What struck me the most (foreigner that I am) was the Administrative Identification Service (Immigration and Foreign Affairs Department, or SAIME) operation set up at the entrance to the market.

The Bicentenario store at Central Park.

The night before, I had read a note that, I thought, was aimed at warding off potential hoarders and re-sellers from Colombia who often have a chain of buyers (particularly at bordering states) that resell products at thrice their price (I should point out that there are as many Venezuelan resellers as there are Colombian). The note as such issued a warning that, as several foreigners buying at markets had expired residence permits, the SAIME would conduct operations at several locales that sold food products.

So, now clerks at supermarkets also check people’s passports? Personally, I never carry my passport with me, only a copy (which is what everyone does) without the visa page.

I asked my friend to approach the SAIME officials to ask. These kindly informed her that they were asking people for their IDs before they went into the supermarket, and that foreigners residing illegally in the country would be deported.

They didn’t mention whether they had actually caught any illegal residents.

As for Cubans working in the country, they must ask for a letter from their Community Council. At any rate, it seems that matter is already being addressed within the official missions where Cubans work.

I know I could well stray off topic if I start to write about that “small” measure which, I am sure, will put an end to the shortage of many products in Venezuela.

Caridad

Caridad: If I had the chance to choose what my next life would be like, I’d like to be water. If I had the chance to eliminate a worst aspect of the world I would erase fear. Of all the human feelings I most like I prefer friendship. I was born in the year of the first Congress of the Cuban Communist Party, the day that Gay Pride is celebrated around the world. I no longer live on the east side of Havana; I’m trying to make a go of it in Caracas, and I continue to defend my right to do what I want and not what society expects of me.

7 thoughts on “Venezuela: Of Line-Ups and Ministers

  • An oil investor “expert” at Forbes is predicting the price of oil will stay between $50 and $60 peer barrel for the next 2 years, which will be long enough to crash the Venezuelan economy and sink the Maduro government.

    That said, forecasts for oil prices are rarely correct. We shall see.

    The subsidies for the poor made Chavez very popular, however, the long-term effect of his economic policies has ruined the economy and created hyper-inflation. The resulting shortages and high prices have undone any benefits the poor once got. Today the poor are worse off than they were before Chavez gave them all that “free stuff”.

    But it’s not all bad news: the well connected businessmen and senior military officers surrounding the Chavez-Maduro clique have made fortunes through corruption, smuggling and currency trading. It’s funny to read your comment extolling the virtues of the phoney “socialist” Maduro government. The Maduro clique have robbed the country blind. As Moses pointed out, they’re buying condos in Cuba with the money they’ve made in Venezuela. When the bottom drops out, they will have a nice retirement, while the Venezuelan people are left with the mess they created.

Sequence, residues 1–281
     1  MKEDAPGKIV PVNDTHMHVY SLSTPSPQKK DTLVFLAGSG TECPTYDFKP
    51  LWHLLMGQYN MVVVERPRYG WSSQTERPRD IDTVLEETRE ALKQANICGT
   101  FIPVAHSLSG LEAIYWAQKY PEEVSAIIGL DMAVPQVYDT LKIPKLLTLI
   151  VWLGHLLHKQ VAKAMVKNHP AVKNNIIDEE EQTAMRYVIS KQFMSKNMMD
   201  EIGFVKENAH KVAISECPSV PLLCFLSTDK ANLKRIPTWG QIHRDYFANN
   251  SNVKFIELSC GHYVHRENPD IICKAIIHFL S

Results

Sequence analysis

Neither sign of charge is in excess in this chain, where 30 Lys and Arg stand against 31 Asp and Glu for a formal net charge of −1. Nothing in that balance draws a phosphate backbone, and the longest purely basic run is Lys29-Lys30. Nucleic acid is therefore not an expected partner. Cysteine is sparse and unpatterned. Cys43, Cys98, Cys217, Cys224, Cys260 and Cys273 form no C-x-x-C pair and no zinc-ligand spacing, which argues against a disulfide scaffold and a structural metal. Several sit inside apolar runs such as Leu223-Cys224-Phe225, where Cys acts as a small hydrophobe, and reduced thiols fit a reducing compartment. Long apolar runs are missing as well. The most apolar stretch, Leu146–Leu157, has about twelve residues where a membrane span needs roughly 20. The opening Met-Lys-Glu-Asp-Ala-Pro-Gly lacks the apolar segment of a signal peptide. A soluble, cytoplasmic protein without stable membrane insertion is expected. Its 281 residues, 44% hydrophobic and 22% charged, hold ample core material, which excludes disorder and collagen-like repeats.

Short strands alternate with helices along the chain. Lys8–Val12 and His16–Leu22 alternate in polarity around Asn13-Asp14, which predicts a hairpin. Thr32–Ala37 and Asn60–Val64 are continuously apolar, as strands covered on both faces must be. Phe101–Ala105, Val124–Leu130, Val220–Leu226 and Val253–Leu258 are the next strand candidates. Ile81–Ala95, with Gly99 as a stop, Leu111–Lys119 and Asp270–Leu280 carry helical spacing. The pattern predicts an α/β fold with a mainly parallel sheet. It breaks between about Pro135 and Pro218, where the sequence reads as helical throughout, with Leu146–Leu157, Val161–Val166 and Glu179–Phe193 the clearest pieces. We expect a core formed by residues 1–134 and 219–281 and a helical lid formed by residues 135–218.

Political polling in Venezuela shows Maduro with 20% support of the voters. If there was an election today, he & his rotten gang would be tossed out of office.

  • The price of crude oil petroleum will again rise …and soon…and Venezuela will rise with it. Venezuela sits on an ocean of heavy crude but many other smaller fields are way past the easy extraction part of the reserve as the profitability and necessity of hydraulic fracturing seems to indicate.
    Fossil fuels are finite .
    We are gobbling them up faster and faster as the population of the increasingly industrialized planet burgeons.
    They will run out and probably and effectively before mid-century.
    The good news is that well before then there will have been developed a new and very cheap energy source or sources , this created by the super-human capabilities of Artificial Intelligence/advanced computing power, now scheduled to surpass human capabilities by the early 2020s .
    To the point, though, unless the U.S does in Venezuela what it did in Chile in 1973 with the Allende government, Venezuela will survive this downturn and make a big comeback . Oil will continue to be a valuable and vast resource for whoever extracts it, whichever government running the Venezuelan state-owned part of the business.
    Another factor are all the public health facilities and other aid to the poor provided by the Chavistas which draws tremendous loyalty from the bottom of the society as it should be in any true democracy and the poor, although far fewer than before Chavez and Maduro , are still a big percentage of the electorate .
    People will always vote for a government that they feel is providing for them and in a basically capitalist Venezuela where there are relatively few rich to the great many poor, that will almost always translate into victory at the ballot box for a social-democrat type like Chavez et al.
    Unless of course , and as is the history in the region, the GOUSA decides to intervene and then all bets are off .
    Right now the corporate media is doing the softening-up hatchet job on the Chavistas which can be used in any future intervention as a means of justifying the unjustifiable .
    Like they did with Khaddaffi.